Networking your (new) home
I am often called out to sites where customers want their Wifi network to reach somewhere it currently can't.
Many of those customers are living semi-rurally on acreage and the distances and places these networks need to go can be great.
I've spoken before about EOP Adapters, they are my preferred solution if properly wired Ethernet cabling cannot be done. They use the existing power circuits in your house as a the network. Of course an obvious limitation is if your house has various circuits - the adapters can't jump circuits e.g. your garage or a new extension will probably be on different circuits.
I am not a fan of Wifi boosters. They've always proven to be flaky and unreliable at best. Their range boosting abilities tend to be fairly limited too.
By far the best way to get your network to extend further is to run cabling.
The best time to do this is as your house is being built.
Obviously that isn't an option for most of us, but if you are building you really should put network cabling in while the house is just a frame. Your electrician on the job should be able to do this for you.
If you are running cabling to an outbuilding I strongly recommend that you run at least 2 network cables.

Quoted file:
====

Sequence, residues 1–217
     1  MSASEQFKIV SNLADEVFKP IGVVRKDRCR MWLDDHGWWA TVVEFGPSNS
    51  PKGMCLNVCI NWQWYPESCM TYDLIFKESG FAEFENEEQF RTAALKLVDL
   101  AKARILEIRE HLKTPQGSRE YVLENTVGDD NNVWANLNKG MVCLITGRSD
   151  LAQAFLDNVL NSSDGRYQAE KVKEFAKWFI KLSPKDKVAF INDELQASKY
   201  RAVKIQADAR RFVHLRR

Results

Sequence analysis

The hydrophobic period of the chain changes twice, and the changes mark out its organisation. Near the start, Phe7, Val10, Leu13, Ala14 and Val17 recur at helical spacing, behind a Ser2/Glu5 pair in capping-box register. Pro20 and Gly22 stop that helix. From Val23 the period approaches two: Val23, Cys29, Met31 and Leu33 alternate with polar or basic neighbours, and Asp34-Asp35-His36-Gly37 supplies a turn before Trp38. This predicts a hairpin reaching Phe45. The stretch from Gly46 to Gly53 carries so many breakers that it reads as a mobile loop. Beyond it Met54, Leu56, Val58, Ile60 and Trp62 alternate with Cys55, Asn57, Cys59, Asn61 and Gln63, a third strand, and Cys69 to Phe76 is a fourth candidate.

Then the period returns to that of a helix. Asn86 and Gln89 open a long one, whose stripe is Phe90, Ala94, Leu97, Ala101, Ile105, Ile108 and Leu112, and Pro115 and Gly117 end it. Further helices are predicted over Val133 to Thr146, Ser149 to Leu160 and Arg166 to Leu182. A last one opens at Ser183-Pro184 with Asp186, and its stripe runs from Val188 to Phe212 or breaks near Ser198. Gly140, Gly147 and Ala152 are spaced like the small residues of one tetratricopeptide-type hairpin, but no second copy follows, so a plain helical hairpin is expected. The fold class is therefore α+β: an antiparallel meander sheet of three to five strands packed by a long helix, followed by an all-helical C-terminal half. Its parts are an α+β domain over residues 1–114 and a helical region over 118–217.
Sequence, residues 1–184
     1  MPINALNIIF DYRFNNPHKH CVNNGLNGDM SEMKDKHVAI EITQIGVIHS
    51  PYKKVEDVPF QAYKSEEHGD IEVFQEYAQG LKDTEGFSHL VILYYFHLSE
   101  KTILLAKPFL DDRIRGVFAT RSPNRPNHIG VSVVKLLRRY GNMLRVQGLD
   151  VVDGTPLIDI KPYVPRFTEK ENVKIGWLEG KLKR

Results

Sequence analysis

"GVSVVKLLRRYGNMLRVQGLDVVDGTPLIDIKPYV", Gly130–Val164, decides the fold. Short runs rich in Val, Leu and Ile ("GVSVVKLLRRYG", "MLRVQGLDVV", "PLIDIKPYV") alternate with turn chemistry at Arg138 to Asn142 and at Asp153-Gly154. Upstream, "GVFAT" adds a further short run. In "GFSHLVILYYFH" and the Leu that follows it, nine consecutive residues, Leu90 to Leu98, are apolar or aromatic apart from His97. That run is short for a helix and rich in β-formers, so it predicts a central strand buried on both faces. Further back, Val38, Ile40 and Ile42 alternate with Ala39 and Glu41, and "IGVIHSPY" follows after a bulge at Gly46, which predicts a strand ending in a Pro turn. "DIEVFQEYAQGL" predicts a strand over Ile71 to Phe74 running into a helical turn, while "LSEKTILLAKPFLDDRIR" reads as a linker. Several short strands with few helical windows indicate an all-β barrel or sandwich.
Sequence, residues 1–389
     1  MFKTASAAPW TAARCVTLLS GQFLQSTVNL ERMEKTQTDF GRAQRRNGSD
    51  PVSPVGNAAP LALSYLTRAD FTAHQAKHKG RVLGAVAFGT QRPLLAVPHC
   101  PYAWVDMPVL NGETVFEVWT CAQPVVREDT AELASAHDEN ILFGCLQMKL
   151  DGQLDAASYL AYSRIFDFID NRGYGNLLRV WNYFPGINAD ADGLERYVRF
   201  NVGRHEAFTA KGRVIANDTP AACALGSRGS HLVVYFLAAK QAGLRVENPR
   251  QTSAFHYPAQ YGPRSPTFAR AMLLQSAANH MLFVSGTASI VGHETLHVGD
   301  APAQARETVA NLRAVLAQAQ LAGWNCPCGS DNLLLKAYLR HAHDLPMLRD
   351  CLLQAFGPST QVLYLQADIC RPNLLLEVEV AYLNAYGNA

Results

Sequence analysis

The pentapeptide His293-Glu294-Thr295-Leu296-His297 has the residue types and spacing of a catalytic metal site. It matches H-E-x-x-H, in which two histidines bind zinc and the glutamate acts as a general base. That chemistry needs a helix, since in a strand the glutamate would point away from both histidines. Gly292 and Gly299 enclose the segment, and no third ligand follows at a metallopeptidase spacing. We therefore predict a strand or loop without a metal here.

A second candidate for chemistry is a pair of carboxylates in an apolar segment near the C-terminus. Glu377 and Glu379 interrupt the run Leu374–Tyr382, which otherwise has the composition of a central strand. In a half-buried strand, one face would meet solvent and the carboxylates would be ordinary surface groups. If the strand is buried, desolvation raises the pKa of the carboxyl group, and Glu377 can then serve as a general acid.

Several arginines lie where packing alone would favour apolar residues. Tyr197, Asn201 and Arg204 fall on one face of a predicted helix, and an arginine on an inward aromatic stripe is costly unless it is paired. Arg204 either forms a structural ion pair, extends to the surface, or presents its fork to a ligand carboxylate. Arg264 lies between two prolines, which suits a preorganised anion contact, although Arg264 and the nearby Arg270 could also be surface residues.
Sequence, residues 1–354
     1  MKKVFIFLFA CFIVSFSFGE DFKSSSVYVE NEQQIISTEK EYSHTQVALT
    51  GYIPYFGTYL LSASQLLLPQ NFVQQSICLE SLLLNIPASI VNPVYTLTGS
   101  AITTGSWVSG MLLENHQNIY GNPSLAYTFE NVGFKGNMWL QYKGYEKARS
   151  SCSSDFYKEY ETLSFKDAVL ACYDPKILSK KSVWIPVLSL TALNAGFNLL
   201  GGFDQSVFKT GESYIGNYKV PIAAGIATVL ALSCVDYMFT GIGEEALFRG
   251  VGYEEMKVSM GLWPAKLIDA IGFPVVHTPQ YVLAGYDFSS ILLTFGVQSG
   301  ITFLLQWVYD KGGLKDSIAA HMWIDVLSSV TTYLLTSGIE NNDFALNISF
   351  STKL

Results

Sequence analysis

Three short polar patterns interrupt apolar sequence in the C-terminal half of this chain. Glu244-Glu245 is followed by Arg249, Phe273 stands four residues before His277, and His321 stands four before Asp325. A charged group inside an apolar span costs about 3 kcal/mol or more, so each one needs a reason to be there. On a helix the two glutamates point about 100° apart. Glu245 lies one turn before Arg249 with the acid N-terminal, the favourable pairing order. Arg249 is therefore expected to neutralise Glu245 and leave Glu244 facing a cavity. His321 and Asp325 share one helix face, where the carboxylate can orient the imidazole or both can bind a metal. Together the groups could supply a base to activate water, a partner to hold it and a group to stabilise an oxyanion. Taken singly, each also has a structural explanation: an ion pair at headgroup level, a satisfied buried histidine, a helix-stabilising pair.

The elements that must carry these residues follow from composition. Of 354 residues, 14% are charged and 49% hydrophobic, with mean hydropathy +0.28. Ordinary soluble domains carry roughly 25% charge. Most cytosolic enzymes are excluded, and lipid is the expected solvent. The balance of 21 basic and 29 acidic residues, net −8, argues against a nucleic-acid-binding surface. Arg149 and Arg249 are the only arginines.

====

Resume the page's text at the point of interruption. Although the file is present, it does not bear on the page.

And, put those cables deep in the ground and very well protected.
I can't tell you the number of times customers have told me they've "run a cable" only to have it fail and/or be irreparably damaged by some subsequent gardening event.
Check your local building rules about running such cabling. But on top of those rules I suggest you DON'T put your network cabling in the same conduits or in close proximity to electrical cabling. There's a chance of interference and in the event of a gardening mishap contacting cables you don't want your network to suddenly be carrying 240 volts.
You'll need to determine how many sockets throughout the site will need to be "live" and factor in a router and switch to cope with that number.
You'll also need to decide on a logical and out-of-the-way location for the cabling to terminate to. For example, if you have 7 rooms that need network sockets, then you'll need somewhere hidden (because these things are ugly) where the 7 cables call all terminate and plug into the central router / switch.
The location will need to be cool, dry and ventilated.
Of course, you don't necessarily need a socket for every device in a room.
A socket can host a wifi access point which can then share the network further.
Obviously as the scale of your house and budget grows this can become quite complex and require quite some forethought and space.
If you are thinking of running a Smart Home, then the planning stage is even more critical so talk to your preferred IT person and your electrician.
You only really get one go at networking a home during building, so carefully consider redundancy and what it is you and FUTURE owners are likely to want to achieve.